Home Catechetical Corner The Beatitudes: Meekness not necessarily weakness, rather a composure of spirit

The Beatitudes: Meekness not necessarily weakness, rather a composure of spirit

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Rosanne Barber prays during Mass Nov. 21, 2021, at Our Lady of Victory Church in the Bedford-Stuyvesant section of Brooklyn, N.Y. True meekness is defined by self-control; it speaks of what we possess. (CNS photo/Gregory A. Shemitz)

“Blessed are the meek, for they will inherit the land” (Mt 5:5).

The beatitudes are perhaps the most beautiful and compelling part of the Gospel. They are poetic and inspiring, and yet enigmatic and confusing.

Among the virtuous characteristics praised in the beatitudes, the most misunderstood is likely meekness.

For the most part, we get the gist of poverty of spirit, of mourning, of the pursuit of justice, of mercy, of purity of heart, of peacemaking and even, to some extent, being persecuted for doing what is right, but aspiring to meekness isn’t on many a bucket list.

And how vague a reward is it to inherit the land?

The way we think of meekness is often in terms of weakness, a certain mousiness, a fear of assertion, a preference for standing down or staying put. This is not biblical meekness as displayed by Jesus, which is a certain composure, a gentleness of spirit.

To grasp this well, we look more closely at Jesus who put aside the power and privilege of divinity to take on our humanity. He could have simply appeared on the human scene as a triumphant Messiah, but that would have done little for us.

We would have been redeemed, yes, of course, but you and I would have learned nothing about the tragedy of sin and the merciful love of God. We needed to see the story played out in our humanity by a man like us.

A God became man — the magnificence of God took on human flesh to dwell among us. He came as a child, lived our ordinariness, shared our toil and died our death in a supreme act of meekness.

He who cured the paralytic and raised the dead could certainly have made short work of his enemies, but his was a mission of mercy (another name for true meekness).

Children are often thought of as meek, but true meekness is defined by self-control; it speaks of what we possess.

We like to invent superheroes and assume their persona to experience their superhuman powers — to escape from our own natural weakness.

How unaware it seems we are that Jesus Christ already went there and did that — as one of us, and best of all, he enables us to live in his image, to possess his power by our incorporation into him at baptism. A part of this Christ-power is meekness.

Bullying at all levels of society can be countered by meekness. Rather than lashing out at irritation or insult, the meek rely on a positive energy that steels the nerves and soothes the spirit.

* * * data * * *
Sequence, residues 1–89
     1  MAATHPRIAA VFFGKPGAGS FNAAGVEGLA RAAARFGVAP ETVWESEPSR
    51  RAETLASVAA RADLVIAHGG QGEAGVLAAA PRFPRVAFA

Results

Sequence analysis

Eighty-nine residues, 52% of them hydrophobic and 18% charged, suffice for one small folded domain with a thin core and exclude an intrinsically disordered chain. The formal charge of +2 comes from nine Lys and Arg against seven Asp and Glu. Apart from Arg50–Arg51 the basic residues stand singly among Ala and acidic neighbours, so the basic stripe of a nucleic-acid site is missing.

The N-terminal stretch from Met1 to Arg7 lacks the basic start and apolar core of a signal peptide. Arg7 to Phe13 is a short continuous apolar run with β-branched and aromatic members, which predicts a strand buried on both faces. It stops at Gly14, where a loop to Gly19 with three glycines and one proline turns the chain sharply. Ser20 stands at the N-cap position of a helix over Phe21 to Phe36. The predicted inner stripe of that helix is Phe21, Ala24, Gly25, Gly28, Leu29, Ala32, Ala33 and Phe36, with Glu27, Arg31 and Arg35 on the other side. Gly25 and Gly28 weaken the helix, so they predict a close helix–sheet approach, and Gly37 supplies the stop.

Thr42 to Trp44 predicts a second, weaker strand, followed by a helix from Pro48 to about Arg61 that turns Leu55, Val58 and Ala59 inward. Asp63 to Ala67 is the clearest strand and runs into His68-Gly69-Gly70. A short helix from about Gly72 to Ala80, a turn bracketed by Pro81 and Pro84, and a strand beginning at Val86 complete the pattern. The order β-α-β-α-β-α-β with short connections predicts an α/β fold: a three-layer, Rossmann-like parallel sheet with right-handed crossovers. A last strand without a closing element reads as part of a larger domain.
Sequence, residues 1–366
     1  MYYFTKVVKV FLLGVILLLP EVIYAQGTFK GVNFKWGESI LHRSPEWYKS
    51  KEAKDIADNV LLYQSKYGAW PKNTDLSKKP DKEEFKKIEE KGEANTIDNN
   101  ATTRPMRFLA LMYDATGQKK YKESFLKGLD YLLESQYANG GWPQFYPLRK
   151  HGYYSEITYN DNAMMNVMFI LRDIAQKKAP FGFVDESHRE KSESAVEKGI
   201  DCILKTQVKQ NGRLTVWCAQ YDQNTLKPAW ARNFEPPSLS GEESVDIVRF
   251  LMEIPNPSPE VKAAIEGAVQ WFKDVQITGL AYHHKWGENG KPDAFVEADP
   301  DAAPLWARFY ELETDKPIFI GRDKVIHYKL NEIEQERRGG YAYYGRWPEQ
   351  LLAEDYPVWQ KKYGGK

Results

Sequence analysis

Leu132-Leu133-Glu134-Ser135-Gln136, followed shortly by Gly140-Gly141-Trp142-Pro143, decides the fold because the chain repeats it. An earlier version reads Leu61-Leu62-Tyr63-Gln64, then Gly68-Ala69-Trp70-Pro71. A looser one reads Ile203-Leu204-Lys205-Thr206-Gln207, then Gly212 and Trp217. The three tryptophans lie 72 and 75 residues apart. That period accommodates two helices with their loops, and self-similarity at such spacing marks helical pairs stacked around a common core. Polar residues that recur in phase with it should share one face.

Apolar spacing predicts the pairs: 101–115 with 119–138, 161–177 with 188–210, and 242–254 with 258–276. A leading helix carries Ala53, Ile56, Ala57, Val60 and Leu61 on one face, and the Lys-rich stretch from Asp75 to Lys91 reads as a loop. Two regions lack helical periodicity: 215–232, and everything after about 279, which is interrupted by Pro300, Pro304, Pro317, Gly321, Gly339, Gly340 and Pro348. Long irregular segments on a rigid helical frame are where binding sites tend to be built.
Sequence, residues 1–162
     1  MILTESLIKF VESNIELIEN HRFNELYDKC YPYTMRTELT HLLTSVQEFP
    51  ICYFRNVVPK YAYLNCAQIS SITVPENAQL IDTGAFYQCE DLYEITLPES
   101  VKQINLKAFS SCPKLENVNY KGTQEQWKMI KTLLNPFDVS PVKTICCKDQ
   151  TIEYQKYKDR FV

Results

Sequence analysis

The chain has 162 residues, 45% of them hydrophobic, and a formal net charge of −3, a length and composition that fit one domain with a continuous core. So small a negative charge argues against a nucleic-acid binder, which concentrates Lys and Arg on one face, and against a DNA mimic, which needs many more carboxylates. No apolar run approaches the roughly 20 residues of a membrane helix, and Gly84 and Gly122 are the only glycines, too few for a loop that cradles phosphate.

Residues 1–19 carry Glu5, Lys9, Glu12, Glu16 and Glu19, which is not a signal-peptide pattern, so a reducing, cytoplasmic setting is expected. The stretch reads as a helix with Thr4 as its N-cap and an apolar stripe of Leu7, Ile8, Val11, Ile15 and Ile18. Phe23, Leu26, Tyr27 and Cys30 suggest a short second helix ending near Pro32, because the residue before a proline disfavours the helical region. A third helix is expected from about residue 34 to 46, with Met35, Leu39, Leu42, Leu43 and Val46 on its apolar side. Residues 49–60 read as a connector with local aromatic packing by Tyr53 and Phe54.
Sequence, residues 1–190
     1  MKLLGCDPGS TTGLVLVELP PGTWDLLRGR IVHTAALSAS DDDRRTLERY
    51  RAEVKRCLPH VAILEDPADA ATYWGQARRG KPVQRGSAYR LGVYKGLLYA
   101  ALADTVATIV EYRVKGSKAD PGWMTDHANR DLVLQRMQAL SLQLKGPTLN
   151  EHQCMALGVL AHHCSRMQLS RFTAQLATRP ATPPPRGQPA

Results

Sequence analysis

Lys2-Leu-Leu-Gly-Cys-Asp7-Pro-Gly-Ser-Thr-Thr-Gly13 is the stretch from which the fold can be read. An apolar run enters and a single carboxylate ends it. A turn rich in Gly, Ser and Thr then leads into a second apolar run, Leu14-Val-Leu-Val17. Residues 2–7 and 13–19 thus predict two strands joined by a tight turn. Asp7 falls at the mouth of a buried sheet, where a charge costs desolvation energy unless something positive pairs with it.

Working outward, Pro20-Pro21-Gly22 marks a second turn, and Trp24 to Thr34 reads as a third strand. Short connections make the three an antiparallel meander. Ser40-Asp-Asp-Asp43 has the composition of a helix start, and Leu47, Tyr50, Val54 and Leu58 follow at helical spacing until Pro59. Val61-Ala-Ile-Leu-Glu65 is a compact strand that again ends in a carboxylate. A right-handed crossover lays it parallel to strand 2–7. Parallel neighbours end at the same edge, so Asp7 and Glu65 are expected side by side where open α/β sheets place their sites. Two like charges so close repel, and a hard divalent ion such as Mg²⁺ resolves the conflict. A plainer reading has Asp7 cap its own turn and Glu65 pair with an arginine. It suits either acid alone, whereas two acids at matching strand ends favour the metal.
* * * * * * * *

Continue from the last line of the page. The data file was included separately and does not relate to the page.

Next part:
Meekness is complete engagement, calmness, strength and self-control. The meek appreciate who they themselves are. This means not just mastery over the strong inclinations, like anger and greed, but also over our weaker inclinations like discontent and dissipation.

As I explain in my book, “Blessed Are the Stressed: Secrets to a Happy Heart from a Crabby Mystic,” meekness is more like the martial art of the soul, the black belt of the spiritual life. When we are meek and humble of heart, as Jesus said of himself (Mt 11:29), we are flexing those unseen muscles of the human spirit. We are in possession of ourselves.

This brings us to reflection on the second part of this beatitude that assures us that if we are meek, we shall inherit the land. I prefer to speak of inheriting the “earth” because in Genesis we see God bring forth the first man from the earth.

Then at the end of life we will be consigned to the earth. The Ash Wednesday liturgy reminds us, “remember you are dust, and to dust you shall return.” This realization will keep our heart humble and our spirit meek.

Most of us will at some time inherit at least a patch of earth, or a few of the goods of the earth. We may even receive a monetary inheritance. And we know that an inheritance must be claimed. We need to come forward and say, “Yes, that’s me, and so that’s mine!”

In the Old Testament to say we will inherit the earth refers to the Promised Land; in the New Testament, it is the kingdom of the righteous. The church fathers claim that our body is that earth. “We shall inherit our own body” — strange to say since we already possess our body.

But we must admit that we are on a constant quest for self-possession, to discover our identity, who we are and how to be our best self. So we need to act in integrity, building up our spirit like an athlete who possesses bodily control and coordination.

We inherit the Christlikeness that is meant to be ours by our baptism into Christ. You are our inheritance, O Lord.

And this isn’t a once and forever state of being — the beatitude speaks in ongoing terms — the meek will possess, but like all virtue we have to work at it and keep up the good fight until our earth becomes the new heavens and the new earth.

By Sister Mary Lea Hill, FSP, Catholic News Service

A member of the Daughters of St. Paul since 1964, Sister Mary Lea Hill has been engaged in various apostolic activities from film production to her current position as author and editor at Pauline Books and Media. She can be found on Twitter and Instagram @crabbymystic.